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Private Insurance and Counseling: What Does it Cover and is it Worth it?

(Disclaimer: I only speak on my personal experiences as a private practice therapist dealing with insurance and private pay, and do not speak or represent the views or opinions of all private practices or therapists).

So the decision has been made to finally seek out a counselor! After researching for quality therapists in your area or gathering recommendations from friends or family, the next step is to determine what kind of bang for your buck you will get. I believe many of us these days tend to default to seeking providers who are covered within our insurance networks. After all, we've agreed to have our employers remove money from our paychecks to cover these plans for ourselves and/or our families, or we pay out of pocket for insurance on our own. However, does your insurance actually cover what you think for mental health counseling?

From my experience working with both insurance and private pay, this is what I've learned about clients and the insurance companies.

Many clients I've encountered who wanted to use their insurance did not understand how their plans worked. For those reading this article who might also be unfamiliar with insurance, I'll discuss the basics of insurance plans. For most private insurance plans, basic medical health needs and sometimes minor speciality services are covered on average between 50-90% before deductible. This means that most plans typically cover one or two general check ups at your primary care doctor per calendar year (some with or without a small co-pay) and/or one to two specialty physician visits per year with or without a co-pay (e.g. specialty physician being an endocrinologist). Anything after your one or two check ups will most of the time result in full price payment of whatever services are rendered. For example if you have a $4,000 deductible, your third or fourth trip to the doctor for the year may not equate to your $20 co-pay, but may end up being a few hundred dollars out of pocket.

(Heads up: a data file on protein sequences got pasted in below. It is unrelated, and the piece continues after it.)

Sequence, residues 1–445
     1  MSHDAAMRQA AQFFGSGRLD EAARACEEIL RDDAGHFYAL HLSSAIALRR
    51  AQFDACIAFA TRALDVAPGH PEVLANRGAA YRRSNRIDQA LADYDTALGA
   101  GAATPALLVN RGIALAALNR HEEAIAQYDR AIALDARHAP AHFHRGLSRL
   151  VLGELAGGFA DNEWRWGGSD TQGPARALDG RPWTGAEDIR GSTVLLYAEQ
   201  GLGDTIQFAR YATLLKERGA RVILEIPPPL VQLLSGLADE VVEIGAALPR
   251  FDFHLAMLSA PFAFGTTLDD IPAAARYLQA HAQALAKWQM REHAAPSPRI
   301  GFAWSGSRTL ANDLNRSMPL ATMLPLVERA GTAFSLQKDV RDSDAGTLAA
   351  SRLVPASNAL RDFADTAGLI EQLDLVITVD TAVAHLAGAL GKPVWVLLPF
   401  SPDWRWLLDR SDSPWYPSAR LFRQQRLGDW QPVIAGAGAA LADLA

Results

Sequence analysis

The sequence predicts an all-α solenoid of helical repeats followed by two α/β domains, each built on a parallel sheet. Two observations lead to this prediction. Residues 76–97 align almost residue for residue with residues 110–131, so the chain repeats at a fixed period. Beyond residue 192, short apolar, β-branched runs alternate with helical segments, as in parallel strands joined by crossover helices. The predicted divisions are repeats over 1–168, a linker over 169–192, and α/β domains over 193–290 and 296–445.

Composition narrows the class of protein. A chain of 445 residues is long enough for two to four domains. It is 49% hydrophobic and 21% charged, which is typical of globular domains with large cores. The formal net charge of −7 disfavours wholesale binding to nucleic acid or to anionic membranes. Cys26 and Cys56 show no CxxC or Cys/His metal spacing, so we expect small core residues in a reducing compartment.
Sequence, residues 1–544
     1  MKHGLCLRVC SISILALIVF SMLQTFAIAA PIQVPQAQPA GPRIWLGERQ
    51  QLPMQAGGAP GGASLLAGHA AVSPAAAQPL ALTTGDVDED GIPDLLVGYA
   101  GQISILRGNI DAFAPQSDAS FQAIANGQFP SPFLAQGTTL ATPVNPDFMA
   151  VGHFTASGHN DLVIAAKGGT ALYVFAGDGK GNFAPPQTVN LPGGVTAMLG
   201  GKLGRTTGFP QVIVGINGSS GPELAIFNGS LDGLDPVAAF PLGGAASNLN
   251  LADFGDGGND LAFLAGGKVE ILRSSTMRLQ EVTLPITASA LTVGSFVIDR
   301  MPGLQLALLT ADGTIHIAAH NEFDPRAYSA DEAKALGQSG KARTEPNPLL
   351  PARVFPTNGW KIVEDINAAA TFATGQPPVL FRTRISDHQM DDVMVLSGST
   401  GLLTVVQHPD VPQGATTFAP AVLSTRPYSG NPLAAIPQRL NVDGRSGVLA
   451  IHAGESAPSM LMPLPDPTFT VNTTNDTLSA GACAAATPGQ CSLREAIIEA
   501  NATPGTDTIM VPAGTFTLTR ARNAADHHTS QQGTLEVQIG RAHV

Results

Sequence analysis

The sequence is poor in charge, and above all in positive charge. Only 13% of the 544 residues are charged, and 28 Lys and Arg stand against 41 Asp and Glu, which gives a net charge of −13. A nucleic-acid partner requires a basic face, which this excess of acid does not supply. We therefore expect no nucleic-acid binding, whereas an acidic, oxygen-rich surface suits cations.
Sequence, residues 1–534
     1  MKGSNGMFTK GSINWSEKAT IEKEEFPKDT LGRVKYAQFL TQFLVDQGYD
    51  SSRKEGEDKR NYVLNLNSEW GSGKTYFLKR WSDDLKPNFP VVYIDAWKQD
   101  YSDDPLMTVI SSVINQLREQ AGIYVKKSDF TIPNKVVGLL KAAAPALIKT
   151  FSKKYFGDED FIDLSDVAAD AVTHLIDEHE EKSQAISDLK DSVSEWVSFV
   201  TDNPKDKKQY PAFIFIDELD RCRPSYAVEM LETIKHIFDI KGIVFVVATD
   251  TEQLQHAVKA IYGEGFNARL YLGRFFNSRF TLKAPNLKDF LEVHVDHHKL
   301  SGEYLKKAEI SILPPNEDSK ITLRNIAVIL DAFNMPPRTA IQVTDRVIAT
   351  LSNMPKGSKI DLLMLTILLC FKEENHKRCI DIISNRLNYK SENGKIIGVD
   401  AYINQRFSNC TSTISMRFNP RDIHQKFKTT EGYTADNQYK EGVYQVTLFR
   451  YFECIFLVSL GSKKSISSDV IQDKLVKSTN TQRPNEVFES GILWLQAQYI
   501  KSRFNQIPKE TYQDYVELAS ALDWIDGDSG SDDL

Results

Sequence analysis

Now, because insurance is predominately set up to cover medical expenses mental health is not always lumped in the same way. On average I saw about 15-25 people per 5 day week in 2016. This is roughly between 4,000-5,000 people per year in 2016. About 85-90% carried insurance and wanted to use their insurance for session coverage. Of that group, between 40-50% were covered by their insurance, such that they had an average co-pay of roughly $35. The remaining half or greater either paid for the entirety of session costs due to not meeting their deductible (individual and family deductible), or were responsible for a very large portion of the cost after insurance. An average cost of an individual counseling sessions can range from $75-$150 per session when seen by a licensed clinician. So if you need to come in once a week we're already talking $300-$600 in costs per month until the deductible is met, or indefinitely if mental health is excluded on your coverage!

So what are some things you can do to determine what is included and how your insurance covers mental health services?

First, understand your individual plan and what it covers. Call your insurance company and ask what they would be able to cover if you were to attend counseling. Second, be sure to ask how many sessions they will cover. Some insurance companies cover for an extended period of time while others only cover a certain number of sessions. Third, don't knock the out of pocket providers. Some therapists that do not accept insurance or that offer a separate cash fee may in fact provide a better deal than what your insurance company would be willing to reimburse.

So the take away? Do your research, gather your information, and from there make an informed decision. Don't be afraid to talk to potential therapists or private practices about these types of questions either. They are there to provide a service that you have every right to understand the ins and outs of how your mental health will factor monetarily into your life.

For more tips, articles, and information, please visit my Facebook page below!

Devin Pinkston is a local mental health counselor and Gender Therapist in Grand Junction Colorado. Call to schedule a free consultation today at 970-644-2392.

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